By serving Him the nation was to be the "light of the world". The Lord Jesus told that nation:
"Ye are the light of the world. A city that is set on an hill cannot be hid....Let your light so shine before men, that they may see your good works, and glorify your Father which is in heaven" (Mt.5:14,16).
Since that nation crucified the Lord Jesus and later persecuted His disciples most of the Jews were "broken off" from serving Him. The Jews were the "natural" branches of the Olive Tree since they were the natural descendants of Abraham:
"Well; because of unbelief they were broken off, and thou standest by faith. Be not highminded, but fear: For if God spared not the natural branches, take heed lest he also spare not thee" (Ro.11:20,21).
The Gentile believers are described as branches from the "wild Olive Tree":
"For if thou were cut out of the olive tree which is wild by nature, and were grafted contrary to nature into a good olive tree" (Ro.11:24).
The Gentile believers are described in this way because Abraham is not their "natural" father but instead he is their father because they "walk in the steps of that faith" of Abraham:
"And the father of circumcision to them who are not of the circumcision only, but who also walk in the steps of that faith of our father Abraham, which he had being yet uncircumcised" (Ro.4:12).
So now both the Jewish believers and the Gentile believers are the branches of the Olive Tree:
"And if some of the branches be broken off, and thou, being a wild olive tree, wert grafted in among them, and with them partakest of the root and fatness of the olive tree" (Ro.11:17).
If we examine the context of Paul's use of the analogy of the Olive Tree we can see that the subject is indeed "service". In the previous chapter Paul asks,"how shall they believe in him of whom they have not heard? and how shall they hear without a preacher? And how shall they preach, except they be sent?" (Ro.10:14,15).
Then he refers to Israel, saying, "Did not Israel know? First Moses saith, I will provoke you to jealousy by them that are no people, and by a foolish nation I will anger you" (Ro.10:19).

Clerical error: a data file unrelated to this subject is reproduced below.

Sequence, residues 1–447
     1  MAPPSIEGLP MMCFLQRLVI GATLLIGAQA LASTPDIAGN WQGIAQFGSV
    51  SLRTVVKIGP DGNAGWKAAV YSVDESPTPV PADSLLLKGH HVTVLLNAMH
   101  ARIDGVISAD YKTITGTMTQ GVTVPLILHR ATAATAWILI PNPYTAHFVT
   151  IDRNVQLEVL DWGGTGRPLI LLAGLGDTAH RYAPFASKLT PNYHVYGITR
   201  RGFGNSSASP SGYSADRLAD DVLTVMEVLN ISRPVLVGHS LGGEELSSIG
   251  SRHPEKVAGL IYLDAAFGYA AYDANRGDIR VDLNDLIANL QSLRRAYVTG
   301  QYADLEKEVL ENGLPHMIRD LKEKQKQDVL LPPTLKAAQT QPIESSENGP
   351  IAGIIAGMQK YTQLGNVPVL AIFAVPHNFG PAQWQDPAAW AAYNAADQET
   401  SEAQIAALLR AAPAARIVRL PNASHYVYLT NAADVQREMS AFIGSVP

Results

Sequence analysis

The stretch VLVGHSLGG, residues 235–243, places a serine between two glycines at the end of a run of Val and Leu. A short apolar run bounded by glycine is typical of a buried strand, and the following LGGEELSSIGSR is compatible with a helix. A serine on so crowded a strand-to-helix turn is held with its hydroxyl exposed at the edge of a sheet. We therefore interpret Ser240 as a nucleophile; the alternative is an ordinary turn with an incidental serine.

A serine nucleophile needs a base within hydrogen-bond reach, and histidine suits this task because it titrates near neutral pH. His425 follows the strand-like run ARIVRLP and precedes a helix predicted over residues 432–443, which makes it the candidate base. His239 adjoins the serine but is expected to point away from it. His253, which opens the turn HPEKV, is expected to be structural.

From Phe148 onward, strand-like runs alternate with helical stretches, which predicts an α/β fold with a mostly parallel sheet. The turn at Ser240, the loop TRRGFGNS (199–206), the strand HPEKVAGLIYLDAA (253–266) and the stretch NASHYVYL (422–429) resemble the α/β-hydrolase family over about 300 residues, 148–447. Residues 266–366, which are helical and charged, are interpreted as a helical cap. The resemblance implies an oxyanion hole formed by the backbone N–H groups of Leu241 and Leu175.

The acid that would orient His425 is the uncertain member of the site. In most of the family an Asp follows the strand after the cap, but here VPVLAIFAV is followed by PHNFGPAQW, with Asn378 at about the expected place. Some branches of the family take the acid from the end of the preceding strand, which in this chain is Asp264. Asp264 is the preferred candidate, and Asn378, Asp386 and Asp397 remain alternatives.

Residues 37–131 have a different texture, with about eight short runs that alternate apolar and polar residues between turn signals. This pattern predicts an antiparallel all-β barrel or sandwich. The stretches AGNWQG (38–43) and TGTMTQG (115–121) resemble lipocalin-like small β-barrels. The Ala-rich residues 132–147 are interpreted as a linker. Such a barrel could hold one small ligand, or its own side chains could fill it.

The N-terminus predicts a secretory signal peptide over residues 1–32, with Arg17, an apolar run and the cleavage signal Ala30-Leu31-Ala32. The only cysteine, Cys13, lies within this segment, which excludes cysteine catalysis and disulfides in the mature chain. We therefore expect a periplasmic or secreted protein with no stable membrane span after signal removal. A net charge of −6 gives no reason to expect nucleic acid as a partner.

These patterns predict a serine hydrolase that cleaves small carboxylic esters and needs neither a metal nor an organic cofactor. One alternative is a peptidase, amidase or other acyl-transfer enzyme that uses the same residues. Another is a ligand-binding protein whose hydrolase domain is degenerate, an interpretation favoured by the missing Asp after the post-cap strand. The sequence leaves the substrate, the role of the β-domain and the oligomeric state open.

In the next chapter Paul announces that he is the "apostle to the Gentiles":
"For I speak to you Gentiles, inasmuch as I am the apostle of the Gentiles, I magnify mine office: If by any means I may provoke to jealousy them which are my flesh, and might save some of them" (Ro.11:13,14).
The nation of Israel was to be the "light of the world" but because of unbelief Paul was doing what they were supposed to be doing. Because of this he says that he might "provoke to jealousy" some of the Jews and therefore bring them to the light of the gospel so that they too might be saved.
Then two verses later he begins his Olive Tree analogy. So by the very nature of the Olive Tree we can know that the reference is to a believer's "service" or "fruit bearing" for the Lord, and this idea is reinforced by the context.
If we are to believe Mr. DeMar that when he says that Gentiles are being grafted into the Church then we must believe that the same Gentiles can be cast out of the Church:
"Behold therefore the goodness and severity of God: on them which fell, severity; but toward thee, goodness, if thou continue in his goodness: otherwise thou also shalt be cut off" (Ro.11:22).
If Mr. DeMar is correct then a believer can be "cut off" from the Body of Christ. That idea is directly contradicted in the following verse:
"Jude, the servant of Jesus Christ, and brother of James, to them that are sanctified by God the Father, and preserved in Jesus Christ" (Jude 1).